A standard survey was conducted on Camp Lake during late June and early July of 2015. Camp is a small (230 acres), moderately deep (26 feet maximum), and productive lake located in Swift County. Camp is a popular fishing lake for local residents. Water quality and clarity are variable in Camp. Water clarity was fair during early July (secchi reading=7.5 feet) and August (secchi reading=5.0) of 2015. Total phosphorus levels were low to moderate (0.025 ppm) in June of 2008. High water conditions have resulted in flooding of the public access, excess erosion of the shorelines, and poor water quality due to runoff in Camp during previous years. Water levels were below normal in 2015 with no flooding of the public access road or parking lot. There are numerous small inlets that drain water primarily from agricultural row crop fields into Camp Lake. The immediate watershed is varied with hardwoods, wetlands, agricultural row crops, turkey barns, feedlots, grasslands, and minimal number (35) of residential homes. A large turkey barn along the southwest shore attracts large numbers of gulls that use Camp Lake. Birds act as an intermediate host for various fish parasites like neascus (black spot) that are prevalent on several fish species (Northern Pike, Yellow Perch, Walleye) in Camp Lake. Fish eating birds such as white pelicans and double crested cormorants can also be numerous on Camp. The DNR Spicer Fisheries Office manages Camp for Largemouth Bass, Bluegill, Northern Pike, Black Crappie, Yellow Perch and Walleye. Camp Lake was one of several study lakes for a DNR Research project on Walleye stocking during 2001-2005. Camp Lake is a popular panfish and Largemouth Bass fishery.
Black Crappie numbers in 2015 (0.11 fish/trapnet and 0.33 fish/gillnet) were very low compared to the Camp historical averages (1.51 fish/trapnet and 3.08 fish/gillnet). Only two Black Crappies were caught during the 2015 survey. The 2015 Black Crappie average size was small (5.4 inches) from gillnets and trapnets combined.
Bluegill numbers were abundant in 2015 (125.00 fish/trapnet) compared to the normal range and Camp historical average (45.50 fish/trapnet). The 2015 Bluegill average size was small (0.07 pounds and 4.6 inches) from trapnets. There were few large (6.0 inches or greater) Bluegill captured (6.55 fish/trapnet) in the survey. Bluegill growth rates were slow in Camp. The 2012 year class comprised 65% of the 2015 Bluegill survey catch.
Largemouth Bass numbers were moderate (45.23 fish/hour) in the 2015 spring electrofishing survey. However, the Largemouth Bass average size was large (2.45 pounds, 15.8 inches) from the 2015 spring electrofishing survey. Largemouth Bass growth rates were excellent. Camp has excellent numbers of large (> 15.0 inches) size bass as documented by the spring electrofishing survey.
Northern Pike numbers were abundant in 2015 (10.00 fish/gillnet) compared to the Camp historical average (8.13 fish/gillnet). The 2015 Northern Pike average size was small (2.63 pounds and 23.0 inches from gillnets) compared to the historical average (2.95 pounds). Northern Pike growth rates were moderate for younger fish (< age 5), but slow for older fish. Only 1 Northern Pike over 30.0 inches was captured in the 2015 survey nets.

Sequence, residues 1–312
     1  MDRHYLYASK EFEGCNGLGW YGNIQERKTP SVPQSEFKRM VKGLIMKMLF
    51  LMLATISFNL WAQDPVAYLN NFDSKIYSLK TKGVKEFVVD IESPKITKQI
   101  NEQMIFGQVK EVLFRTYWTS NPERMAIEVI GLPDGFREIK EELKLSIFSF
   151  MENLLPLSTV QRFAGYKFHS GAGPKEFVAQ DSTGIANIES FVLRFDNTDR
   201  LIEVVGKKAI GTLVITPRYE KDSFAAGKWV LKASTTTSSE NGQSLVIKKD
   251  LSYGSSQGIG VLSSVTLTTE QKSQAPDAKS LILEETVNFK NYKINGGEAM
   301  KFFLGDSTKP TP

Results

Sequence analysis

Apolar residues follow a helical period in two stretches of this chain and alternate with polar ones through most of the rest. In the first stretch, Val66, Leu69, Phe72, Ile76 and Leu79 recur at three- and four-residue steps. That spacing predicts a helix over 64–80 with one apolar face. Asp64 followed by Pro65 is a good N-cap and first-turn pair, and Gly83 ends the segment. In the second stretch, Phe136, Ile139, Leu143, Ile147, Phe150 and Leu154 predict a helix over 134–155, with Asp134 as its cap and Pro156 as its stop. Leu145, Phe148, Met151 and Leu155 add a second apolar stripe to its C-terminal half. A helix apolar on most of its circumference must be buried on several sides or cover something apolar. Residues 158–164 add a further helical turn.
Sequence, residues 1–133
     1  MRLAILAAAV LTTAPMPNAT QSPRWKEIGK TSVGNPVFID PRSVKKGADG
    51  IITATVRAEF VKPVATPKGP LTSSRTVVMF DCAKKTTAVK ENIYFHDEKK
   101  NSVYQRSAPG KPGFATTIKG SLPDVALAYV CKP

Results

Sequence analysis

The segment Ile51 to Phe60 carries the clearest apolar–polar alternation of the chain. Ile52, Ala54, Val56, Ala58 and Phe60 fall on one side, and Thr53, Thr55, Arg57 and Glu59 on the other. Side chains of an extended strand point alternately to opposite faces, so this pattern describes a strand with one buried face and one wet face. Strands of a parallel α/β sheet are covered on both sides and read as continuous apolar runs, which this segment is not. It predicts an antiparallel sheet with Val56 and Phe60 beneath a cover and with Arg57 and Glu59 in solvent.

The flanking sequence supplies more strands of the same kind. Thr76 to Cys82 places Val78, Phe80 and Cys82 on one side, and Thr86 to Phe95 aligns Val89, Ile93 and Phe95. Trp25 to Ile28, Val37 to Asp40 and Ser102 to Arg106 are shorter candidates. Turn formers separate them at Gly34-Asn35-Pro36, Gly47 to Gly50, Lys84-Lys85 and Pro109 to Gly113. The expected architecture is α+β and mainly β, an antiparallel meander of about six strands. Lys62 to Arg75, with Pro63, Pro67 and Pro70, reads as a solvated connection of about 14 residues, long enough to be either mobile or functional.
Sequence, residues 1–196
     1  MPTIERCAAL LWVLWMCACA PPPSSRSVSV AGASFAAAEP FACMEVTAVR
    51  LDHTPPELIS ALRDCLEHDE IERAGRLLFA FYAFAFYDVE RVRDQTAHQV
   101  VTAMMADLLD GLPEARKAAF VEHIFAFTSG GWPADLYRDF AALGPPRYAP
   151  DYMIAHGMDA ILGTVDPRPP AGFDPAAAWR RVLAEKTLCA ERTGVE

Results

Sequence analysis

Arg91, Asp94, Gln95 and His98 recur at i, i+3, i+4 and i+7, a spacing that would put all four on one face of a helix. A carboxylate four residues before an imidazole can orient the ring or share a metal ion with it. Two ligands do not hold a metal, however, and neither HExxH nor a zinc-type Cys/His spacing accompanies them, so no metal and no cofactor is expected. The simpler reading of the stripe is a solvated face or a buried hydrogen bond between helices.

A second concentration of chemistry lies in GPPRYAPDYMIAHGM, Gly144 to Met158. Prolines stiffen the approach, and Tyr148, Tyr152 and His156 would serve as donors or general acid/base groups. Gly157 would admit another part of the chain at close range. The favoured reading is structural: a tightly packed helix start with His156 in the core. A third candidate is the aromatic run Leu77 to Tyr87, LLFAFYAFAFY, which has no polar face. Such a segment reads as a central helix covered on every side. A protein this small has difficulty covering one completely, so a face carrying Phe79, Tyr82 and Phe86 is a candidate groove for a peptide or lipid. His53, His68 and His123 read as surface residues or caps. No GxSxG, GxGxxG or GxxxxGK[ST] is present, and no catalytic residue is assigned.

Walleye numbers were moderate in 2015 (5.33 fish/gillnet) compared to the normal range and similar to the historical average (5.99 fish/gillnet). The 2015 Walleye average size was large (3.47 pounds and 21.3 inches) from gillnets. The Walleye historical average weight is 2.11 pounds. Walleye growth rates were good. Fish from the 2009 year class (47%) comprised the majority of the Walleye captured in the 2015 survey nets. Recent Walleye stockings occurred in 2007 (98,181 fry), 2009 (98,942 fry), 2011 (21,978 marked frylings), 2013 (119,755 fry) and 2015 (103,802 fry). Abundant fingerling size "YOY" Walleye numbers were captured in 2007 (83.08 YOY/hour, 6.55 inches), 2009 (198.00 YOY/hour, 6.02 inches), 2011 (124.00 YOY/hour, 6.03 inches) and 2013 (49.66 YOY/hour, 6.77 inches) fall electrofishing surveys. YOY Walleye numbers were low (6.00 YOY/hour, 6.69 inches average size) in the 2015 fall electrofishing survey. Walleye natural reproduction occurs periodically in Camp. Potential Walleye spawning sites with suitable gravel/rubble substrates include a south shore area adjacent to a high clay bank and the gravel road/parking lot when periodic flooding occurs during the spring.
Yellow Perch numbers were moderate in 2015 (28.00 fish/gillnet), but below the Camp historical average (44.87 fish/gillnet). The 2015 Yellow Perch average size was moderate (0.14 pounds and 6.7 inches) from gillnets. Yellow Perch growth rates were slow. No Yellow Perch over 8.5 inches were captured in the 2015 survey.
Other notable fish species captured or absent in the 2015 survey nets included low numbers of White Sucker (0.67 fish/gillnet), Black Bullhead (0.33 fish/gillnet) and no Common Carp. Historical average catch rates were 1.98 White Sucker/gillnet, 8.34 Black Bullhead/trapnet and 0.00 Common Carp/gillnet for Camp Lake.
Current fish management activities on Camp include protecting the important aquatic habitats such as emergent and submergent vegetation through the permit process, assisting aquatic plant management and enforcement personnel in educating boaters and monitoring access sites for potential invasive species introductions, encouraging land owners to implement best management practices in the watershed, and stocking Walleye as warranted. All fish species will be sampled in 2019. YOY Walleye will be surveyed by fall night electrofishing in 2017.